August 8, 2014 by crew
The seventh and sixth centuries BC were a transformative time for the Greeks. Their society transitioned from one of petty Homeric kingdoms to one based around strong city-states governed by elected magistrates. It was a turbulent process, however, and most Greek cities fell under the autocratic rule of a tyrant at one stage or another. Among the many that did was Athens, who experienced three separate periods of tyranny under Peisistratus. The first two were brief, but at the third attempt, Peisistratus captured the city in 546 and ruled it until his death. Power then passed to his sons; Hipparchus, who was murdered in 514, and Hippias, who was ousted by the Spartans in 510.
Three years later, wide ranging reforms designed to undermine aristocratic infighting created the world’s first known democracy. From this point on, all adult male Athenian citizens had a say in all the laws and policy decisions of the city. The result was a vibrant cultural and intellectual climate which over the course of the fifth and fourth centuries produced ground-breaking works of philosophy, literature, theatre, history, political theory, architecture, and oratory. The great cultural achievements of the Greeks were later received, absorbed, and built upon by the Romans, creating the Graeco-Roman heritage that laid the foundations for European civilisation. This is the first in a series of articles focusing on five battles which shaped and defined the Graeco-Roman world. The outcomes of these battles exerted an enormous influence on the course of history, and their effects continue to be felt to this day. We begin at the beginning, at the Battle of Marathon, in which an outnumbered Athenian army fought off the greatest power the world had yet seen.
The Battle Of Marathon
Between 553-540, the Persian king, Cyrus the Great, conquered all of the great empires of the Middle East. Among them was Lydia, situated in west-central Turkey. The Lydians had forced Ionian Greek settlements on the west coast of Turkey to pay tribute, and when Cyrus conquered Lydia, these Greeks became part of the Persian Empire. In an attempt to maintain control of such a vast empire, the Persian policy was to install friendly regimes in local areas. For the Ionians, this meant installing tyrants in their cities. One such tyrant was Aristagoras of Miletus, who, after a failed invasion of the island of Naxos left him in danger of being removed from his position, incited the Ionians to revolt against Persia in 499. The revolt was short-lived, and by 493 they were back under Persian rule. The Persian king, Darius the Great, then set his sights on the mainland Greeks, particularly the cities of Eretria and Athens who had both joined the revolt. The first attempt set out in 492, but the Persian fleet was destroyed in a storm.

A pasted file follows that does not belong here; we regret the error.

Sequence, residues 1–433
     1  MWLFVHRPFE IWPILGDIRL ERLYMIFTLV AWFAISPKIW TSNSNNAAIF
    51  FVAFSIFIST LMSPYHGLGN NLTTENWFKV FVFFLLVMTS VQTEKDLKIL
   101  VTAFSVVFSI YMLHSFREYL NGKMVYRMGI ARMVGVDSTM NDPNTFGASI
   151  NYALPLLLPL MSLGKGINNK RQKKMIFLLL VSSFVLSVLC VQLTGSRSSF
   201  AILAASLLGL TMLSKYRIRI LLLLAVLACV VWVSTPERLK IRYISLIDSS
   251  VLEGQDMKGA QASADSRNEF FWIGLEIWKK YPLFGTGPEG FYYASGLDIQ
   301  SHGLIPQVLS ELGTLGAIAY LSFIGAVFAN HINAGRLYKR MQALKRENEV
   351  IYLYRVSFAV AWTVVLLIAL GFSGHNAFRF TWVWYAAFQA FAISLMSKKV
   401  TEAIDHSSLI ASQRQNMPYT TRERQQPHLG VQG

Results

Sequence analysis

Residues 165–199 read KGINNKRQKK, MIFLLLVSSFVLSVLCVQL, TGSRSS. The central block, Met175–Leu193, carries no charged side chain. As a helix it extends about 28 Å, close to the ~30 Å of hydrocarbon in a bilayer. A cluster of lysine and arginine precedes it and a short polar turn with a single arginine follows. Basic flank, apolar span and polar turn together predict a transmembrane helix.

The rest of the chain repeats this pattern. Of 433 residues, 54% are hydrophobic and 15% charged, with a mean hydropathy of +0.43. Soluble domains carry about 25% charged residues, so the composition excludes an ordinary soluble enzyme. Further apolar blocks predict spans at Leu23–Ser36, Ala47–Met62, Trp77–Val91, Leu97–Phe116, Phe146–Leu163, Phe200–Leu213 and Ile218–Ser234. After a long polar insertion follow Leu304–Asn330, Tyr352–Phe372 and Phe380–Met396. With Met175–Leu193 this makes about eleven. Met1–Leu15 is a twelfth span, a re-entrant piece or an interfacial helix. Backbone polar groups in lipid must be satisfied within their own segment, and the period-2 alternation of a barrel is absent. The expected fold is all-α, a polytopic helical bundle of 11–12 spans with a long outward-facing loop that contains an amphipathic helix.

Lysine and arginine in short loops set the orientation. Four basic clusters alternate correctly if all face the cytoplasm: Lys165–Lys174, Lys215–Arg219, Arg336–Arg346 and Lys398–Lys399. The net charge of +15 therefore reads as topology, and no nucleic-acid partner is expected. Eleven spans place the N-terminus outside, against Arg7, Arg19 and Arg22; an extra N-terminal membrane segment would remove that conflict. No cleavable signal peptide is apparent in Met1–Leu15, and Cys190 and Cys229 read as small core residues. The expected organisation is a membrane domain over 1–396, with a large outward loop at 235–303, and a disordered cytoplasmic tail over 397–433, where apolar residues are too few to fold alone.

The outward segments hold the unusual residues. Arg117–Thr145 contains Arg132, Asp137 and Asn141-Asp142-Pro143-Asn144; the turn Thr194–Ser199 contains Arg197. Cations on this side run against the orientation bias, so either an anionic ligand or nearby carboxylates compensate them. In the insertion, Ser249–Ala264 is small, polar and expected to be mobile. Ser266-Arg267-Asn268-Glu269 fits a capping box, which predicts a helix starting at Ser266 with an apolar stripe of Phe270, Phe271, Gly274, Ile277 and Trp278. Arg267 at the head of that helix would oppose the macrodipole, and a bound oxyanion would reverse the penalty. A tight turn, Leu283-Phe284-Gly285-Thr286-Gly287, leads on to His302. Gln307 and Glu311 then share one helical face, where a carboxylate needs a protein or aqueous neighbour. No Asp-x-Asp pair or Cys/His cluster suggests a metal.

Two years later they tried again. They reached Eretria and took the city after a siege which lasted seven days. From there they sailed on towards Athens. Amongst their number was Hippias, who had spent the preceding twenty years in exile. The Persians had intended to enforce their control of Athens by reinstalling Hippias as tyrant. Appropriately, and almost certainly not coincidentally, the Persian fleet landed at Marathon, where Hippias’ father had landed with his army half a century earlier.
When the Athenians heard that the Persians had landed, they raised as large an army as they could muster, calling on men above the fighting age and even freeing slaves to supplement their numbers. They sent out messengers, one to their ally Plataea, a small city just to the north, and one to the Spartans, who told the Athenians that they would not be able to come to their aid for at least ten days. The Athenian army, most likely numbering between 9-10,000 men and comprised primarily of hoplites, marched to Marathon to try and prevent the Persians from moving on Athens. Once they arrived, they were reinforced by a further 1000 hoplites from Plataea. They camped across the plain from the Persians, whose exact numbers are very difficult to determine. The earliest and best source for the battle is Herodotus, but he gives no information on the size of the Persian army.